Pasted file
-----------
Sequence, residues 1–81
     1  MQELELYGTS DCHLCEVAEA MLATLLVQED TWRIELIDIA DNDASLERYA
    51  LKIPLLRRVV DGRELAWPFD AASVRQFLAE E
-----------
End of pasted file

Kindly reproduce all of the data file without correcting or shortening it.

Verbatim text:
Sequence, residues 1–81
     1  MQELELYGTS DCHLCEVAEA MLATLLVQED TWRIELIDIA DNDASLERYA
    51  LKIPLLRRVV DGRELAWPFD AASVRQFLAE E